Three Festivals, One Meaning

Dr. Gerhard Falk

Commentary by Dr. Gerhard Falk


Succoth, Shemini Azereth and Simchat Torah:  Three Festivals, One Meaning


    The Torah teaches us in Shemoth (Exodus) 34:22 that we are to celebrate the harvest or, in the case of urban Jews like ourselves, the sustenance we receive each day. More than that, however, the Torah also requires that even as we celebrate we are to remember “that your generations should know that I (G’d) made the children of Israel dwell in booths when I brought them out of the land of Egypt.”

    There are innumerable references in the Torah to the origin of the Jewish people as slaves in Egypt and their exodus from that land. Over and over again we are reminded at every occasion  that we came from slavery to freedom and Succoth is no exception.

     More than that, the requirement that all Jews, rich or poor, live in a Succah for a whole week emphasizes the democratic nature of Judaism and the people of Israel.

     It is in our democratic spirit that we find our strength. Israel is not ruled by one despot. Therefore Israel does not engage in unprovoked violence. It is in the interest of dictators and absolute tyrants and lifetime, self-appointed rulers that violence is used again and again against the “out group”, the enemy, the ‘other.” The designated outsider, the barbarian, the one excluded, the one shut out (ex-out and claudere-to shut) has been the Jewish people for 2,000 years. From 70 C.E. when the Romans destroyed the Temple in Jerusalem to 1948 when Israel declared its independence once more, anyone who wished could victimize any Jew or all Jews in Muslim and Christian countries. That all changed in 1948 and in 1967 when all of Israel was liberated from foreign occupation. Now, at Succoth 2000 we are once more confronted by the enemies of Israel and the Jewish people with the demand that Israel return to slavery and subject itself to destruction again. Those who make these demands cannot adjust to the 52 year reality that Jews are not easy victims, that Jewish blood is not cheap, that anyone at all cannot brutalize and kill Jews without consequences.

      At Succoth time we are reminded that we came from slavery and lived in tents. We are also reminded, however, that we are slaves no longer and that we will never return to the second class status the enemies of Israel seek to impose on us.

     This determination to be free and to be “a light onto the nations” is heightened for us on Simchat Torah which occurs directly after Succoth and asks us to “rejoice in the Torah”. On that day we walk around the synagogue or even outside the walls of the “shul” in procession while carrying Torah scrolls in our arms. We read the last chapter and the first chapter of the Torah and signify thereby that the constitution of the Jewish people is the Torah and that it has permanence and continuity which cannot be interrupted but goes on forever.

     The Torah is a scroll containing the five Books of Moses. The concept “Torah” is more than that. It includes all the ethics, all the teachings and all the scriptures of Israel and the Jewish people. Torah includes right conduct as Jews perceive it. For example, the Talmud teaches in Baba Meziah that a Jew would rather jump into a fiery furnace than to humiliate another person. That admonition is also Torah. Therefore, as we celebrate on Simchat Torah, we celebrate our history, our laws, our ethics and our fraternity. On Simchat Torah we once more remember “Kol Yisrael Chaverim”. We emphasize in face of those who seek our destruction that all Jews are brethren and that Torah keeps us alive.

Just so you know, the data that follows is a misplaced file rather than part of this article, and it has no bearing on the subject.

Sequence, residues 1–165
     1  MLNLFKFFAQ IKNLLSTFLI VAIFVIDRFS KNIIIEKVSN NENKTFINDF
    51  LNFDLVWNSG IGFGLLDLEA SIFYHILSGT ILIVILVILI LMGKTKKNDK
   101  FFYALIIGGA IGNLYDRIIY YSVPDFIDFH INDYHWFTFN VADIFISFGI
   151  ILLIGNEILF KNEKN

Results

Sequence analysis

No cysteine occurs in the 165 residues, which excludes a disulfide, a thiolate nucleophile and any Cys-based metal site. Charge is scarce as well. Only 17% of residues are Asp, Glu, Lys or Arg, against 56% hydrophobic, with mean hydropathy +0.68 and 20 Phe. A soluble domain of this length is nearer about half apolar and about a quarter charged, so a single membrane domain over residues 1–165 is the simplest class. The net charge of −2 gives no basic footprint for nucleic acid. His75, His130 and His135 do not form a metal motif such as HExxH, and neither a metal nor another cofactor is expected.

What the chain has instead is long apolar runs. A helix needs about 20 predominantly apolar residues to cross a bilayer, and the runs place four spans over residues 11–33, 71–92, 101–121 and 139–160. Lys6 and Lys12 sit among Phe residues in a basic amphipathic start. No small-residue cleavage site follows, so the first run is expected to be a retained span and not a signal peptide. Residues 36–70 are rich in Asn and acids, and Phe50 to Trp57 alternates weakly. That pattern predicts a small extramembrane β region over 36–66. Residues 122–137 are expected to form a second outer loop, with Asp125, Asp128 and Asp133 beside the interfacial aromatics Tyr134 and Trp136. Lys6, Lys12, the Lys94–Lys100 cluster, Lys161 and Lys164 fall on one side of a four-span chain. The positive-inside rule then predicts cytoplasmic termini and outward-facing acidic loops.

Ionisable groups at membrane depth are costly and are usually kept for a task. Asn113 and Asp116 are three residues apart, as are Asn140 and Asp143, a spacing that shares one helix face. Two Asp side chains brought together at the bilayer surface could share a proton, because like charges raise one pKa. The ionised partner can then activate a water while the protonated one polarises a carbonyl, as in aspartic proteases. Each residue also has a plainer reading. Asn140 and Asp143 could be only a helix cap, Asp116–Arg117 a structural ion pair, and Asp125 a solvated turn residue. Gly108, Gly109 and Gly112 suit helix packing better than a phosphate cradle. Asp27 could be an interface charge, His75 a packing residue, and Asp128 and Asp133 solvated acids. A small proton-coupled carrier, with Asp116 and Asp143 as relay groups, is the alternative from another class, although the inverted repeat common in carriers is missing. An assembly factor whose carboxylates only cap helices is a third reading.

The teachings of Torah protect us against all the disasters that so many men bring upon themselves. Torah true Jews need not engage in adultery with all its dreadful consequences. Torah true Jews have  no need to cheat others, or to spread gossip and lies. Torah true Jews do not need to aggrandize themselves at the expense of their fellow men nor do Torah true Jews despair. In fact, in our confused and anomic world, Torah is a guide, an explanation of our origin, our  present and our future as it anchors its followers to a 4,000 year history which gives our lives meaning.

   The great Jewish psychologist Viktor Frankl, who lived all his life in Vienna, wrote a book translated into English as Man’s Search for Meaning. This book was widely read and is still found in every library. Here Frankl discusses his survival of the Nazi camps and his challenge to his depressed patients to find something, anything that gives their lives meaning. Frankl shows that nothing is more important to us than the certainty that our life means something. No money, no income, no possession is more important than that, says Frankl. He also shows that large numbers of people search for meaning in their lives for years and find none. These people are in danger of suicide, alcoholism, adultery and other self-destructive behavior.

    Now for us who have the Torah all these dangers do not exist. For us, life has meaning. Because this is so, you will want to come to Temple Shaarey Zedek or any other synagogue of your choice next Saturday. Join us. Hear the reading of the Torah and participate with all of us in singing together “Aytz Chayim Hee, Lemachasikim Bo- It is a tree of life for those who hold fast to it….” Try it. You will love it and it won’t cost you one cent.

   Shalom u’vracha.

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